77. Case: Accommodating Requests: Which Differences Make a Difference?

 

Michelle Yoder is 8 months pregnant and a member of the Amish community.  She requests that only female health care providers and staff be involved in providing her care during labour and delivery.

Michelle Federov is 8 months pregnant.  She requests that only white health care providers and staff be involved in providing her care during labour and delivery.

 

Discussion:

  • What are the ethical concerns raised by these cases?
  • How are your responses different to these two scenarios?
  • How do you think health care organizations should respond to requests like these?

Resources:

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63. CASE: Breastfeeding Concerns

Natasha is 15 years old and you, an RN, are meeting her for the first time at a prenatal visit. Her boyfriend, Josh, is 17. Natasha is planning on feeding her baby breast milk substitute as she thinks it will be easier. She has heard that it is harder to lose “baby weight” while breastfeeding, and is worried about fitting into her bikini this summer. She also tells you that she has heard that breastfeeding makes breasts saggy and is worried that Josh won’t be attracted to her anymore. Her mother, on the other hand, is pressuring her to breastfeed.

  • What values are at play here and for whom?
  • Are there any ethics issues in this situation?
  • How would you continue the discussion with Natasha?

Some Values and Ethics Issues to Consider

  • Respect for autonomy
  • Patient-family relationships
  • Patient-centred care
  • Responsibility for health
  • Stigma and blame

62. CASE: Formula Feeding Resource Book

Andrew Godwin is a relatively new staff person working for Public Health. He is learning about the WHO Code of Marketing Breastmilk Substitutes and the importance of promoting breastfeeding as a norm in Nova Scotia, as part of the Healthy Eating Strategy.

He has received several phone calls from new parents asking him why the province’s formula feeding resource book is not online and requesting him to consider adding it to the electronic resources. What should Andrew do?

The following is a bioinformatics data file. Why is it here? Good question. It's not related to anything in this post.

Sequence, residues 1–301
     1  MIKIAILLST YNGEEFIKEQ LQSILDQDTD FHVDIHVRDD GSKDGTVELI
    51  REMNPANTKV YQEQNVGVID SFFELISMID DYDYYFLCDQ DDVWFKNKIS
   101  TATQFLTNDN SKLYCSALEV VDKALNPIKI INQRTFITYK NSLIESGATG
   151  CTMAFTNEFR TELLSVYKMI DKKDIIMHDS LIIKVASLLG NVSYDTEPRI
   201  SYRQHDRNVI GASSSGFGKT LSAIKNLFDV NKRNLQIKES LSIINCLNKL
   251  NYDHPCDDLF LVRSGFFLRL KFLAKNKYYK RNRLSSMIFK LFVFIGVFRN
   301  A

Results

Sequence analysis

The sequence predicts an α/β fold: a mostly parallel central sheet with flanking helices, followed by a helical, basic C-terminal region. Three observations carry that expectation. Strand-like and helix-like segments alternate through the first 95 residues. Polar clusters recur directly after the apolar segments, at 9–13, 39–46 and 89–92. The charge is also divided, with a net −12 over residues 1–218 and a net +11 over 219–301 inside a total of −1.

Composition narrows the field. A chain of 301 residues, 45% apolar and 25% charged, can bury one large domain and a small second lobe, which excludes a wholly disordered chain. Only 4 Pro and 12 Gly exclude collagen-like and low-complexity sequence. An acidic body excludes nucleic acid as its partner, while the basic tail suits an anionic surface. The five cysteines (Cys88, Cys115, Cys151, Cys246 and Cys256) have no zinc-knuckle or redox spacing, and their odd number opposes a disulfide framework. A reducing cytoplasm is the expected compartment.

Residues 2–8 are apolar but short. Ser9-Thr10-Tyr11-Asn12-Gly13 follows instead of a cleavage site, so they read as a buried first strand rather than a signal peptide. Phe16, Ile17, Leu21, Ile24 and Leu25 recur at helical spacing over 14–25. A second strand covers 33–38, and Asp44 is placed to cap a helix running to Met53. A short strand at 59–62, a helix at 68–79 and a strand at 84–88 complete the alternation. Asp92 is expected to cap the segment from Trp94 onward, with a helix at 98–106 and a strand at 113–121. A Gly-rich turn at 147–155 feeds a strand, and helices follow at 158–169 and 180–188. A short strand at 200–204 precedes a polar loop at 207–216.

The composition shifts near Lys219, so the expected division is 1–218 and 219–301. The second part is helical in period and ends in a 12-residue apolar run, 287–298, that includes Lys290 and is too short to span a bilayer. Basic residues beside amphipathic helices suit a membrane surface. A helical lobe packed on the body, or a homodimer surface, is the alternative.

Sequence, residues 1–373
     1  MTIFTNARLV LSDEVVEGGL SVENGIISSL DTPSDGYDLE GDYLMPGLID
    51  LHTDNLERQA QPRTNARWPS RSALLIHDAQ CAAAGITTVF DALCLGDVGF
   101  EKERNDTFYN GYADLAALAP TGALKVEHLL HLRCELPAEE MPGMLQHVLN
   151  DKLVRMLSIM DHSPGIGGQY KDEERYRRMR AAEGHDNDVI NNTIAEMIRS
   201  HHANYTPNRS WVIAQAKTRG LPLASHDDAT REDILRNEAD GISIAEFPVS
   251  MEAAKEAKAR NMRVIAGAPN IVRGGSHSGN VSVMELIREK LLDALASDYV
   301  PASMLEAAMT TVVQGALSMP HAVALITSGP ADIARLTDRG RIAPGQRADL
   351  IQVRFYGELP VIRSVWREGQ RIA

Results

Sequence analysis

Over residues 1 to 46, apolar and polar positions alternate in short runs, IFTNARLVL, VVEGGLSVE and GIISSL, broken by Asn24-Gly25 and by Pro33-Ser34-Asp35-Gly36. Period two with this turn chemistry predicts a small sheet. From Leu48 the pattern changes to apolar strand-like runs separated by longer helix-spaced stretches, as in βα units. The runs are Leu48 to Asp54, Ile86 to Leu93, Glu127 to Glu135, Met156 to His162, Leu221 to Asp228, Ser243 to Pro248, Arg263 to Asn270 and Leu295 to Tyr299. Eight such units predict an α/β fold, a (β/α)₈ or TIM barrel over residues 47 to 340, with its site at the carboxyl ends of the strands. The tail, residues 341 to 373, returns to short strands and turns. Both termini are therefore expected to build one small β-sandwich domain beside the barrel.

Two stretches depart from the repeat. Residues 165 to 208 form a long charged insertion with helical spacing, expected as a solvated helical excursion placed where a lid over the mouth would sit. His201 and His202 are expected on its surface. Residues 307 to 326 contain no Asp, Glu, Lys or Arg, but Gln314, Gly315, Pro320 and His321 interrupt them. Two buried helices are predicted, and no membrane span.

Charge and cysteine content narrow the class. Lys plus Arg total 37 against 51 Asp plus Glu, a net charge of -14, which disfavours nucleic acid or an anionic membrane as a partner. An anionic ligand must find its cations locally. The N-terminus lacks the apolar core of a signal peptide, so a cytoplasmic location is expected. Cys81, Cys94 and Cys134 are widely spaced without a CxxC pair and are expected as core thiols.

• Identify the values that are relevant to this discussion and select the ones that you think should guide Andrew’s response. 
  • Would it be appropriate to post this booklet online? Why or why not?

Some Values and Ethics Issues to Consider

  • Duty to provide care
  • Honesty, trust and truth-telling
  • Respect for autonomy
  • Transparency
  • Community/ public health ethics
  • Compliance with policy
  • Patient-centred care

2. CASE: Treatment and/or Termination? Tough Choices

Melanie is a 21 year old who was recently involuntarily committed after she started a serious fight at a local shelter, thinking that one of the leaders was trying to steal her favourite T-shirt. Melanie has schizophrenia and is well-known to both the police and mental health care providers. She has been living on and off the streets since she left home when she was 16 years old, and has a rather strained relationship with her parents. They have been trying to support her and often provide money for her medications. When Melanie is taking her medications, she is able to find work and has talked about going back to school. However, Melanie finds the side effects of the medications awful and stops taking them, leading to being kicked out of apartments or friends’ places when she gets too aggressive.

In doing Melanie’s work-up upon admission, it was discovered that she is about 7-8 weeks pregnant. While trying to determine what to do with respect to the pregnancy, she is placed on medications that minimize teratogenic effects for the fetus, and that may have some success in stabilizing Melanie’s condition (although it is recognized that this is not the “gold standard” treatment). Melanie’s mother, Krystine, was named by Melanie as her substitute decision-maker (witnessed by her psychiatrist at the end of her previous admission), despite some of the challenges in their relationship, and she endeavours to do the best for her daughter. The team has been in discussion with Krystine about treating Melanie and about her pregnancy.

Melanie has indicated that she doesn’t know who the father is, as she has had several partners over the last few months. She also alternates between saying that she wants the baby to saying that the baby is cursed and she should be rid of it. Krystine indicates that Melanie has not talked to them about having children, only about trying to get well to go back to school.

Both Krystine and the health care team have some questions and concerns about how to move forward with Melanie’s treatment. The health care team calls for a clinical ethics consultation.

  • If the medication regime doesn’t stabilize Melanie, would it be ethical to move to a different treatment plan, knowing that this might cause substantial harm to the fetus?
  • Should the possibility of terminating the pregnancy be discussed further?
  • Should an attempt be made to find and notify the biological father?
  • How do the dynamics if Melanie’s family relationships factor into this case?
  • Can or should someone other than Melanie make these decisions?

Some Values and Ethics Issues to Consider

  • Capacity
  • Respect for patient autonomy
  • Living at risk
  • Vulnerability
  • Patient-family relationships
  • Substitute decision-makers
  • Beneficence and non-maleficence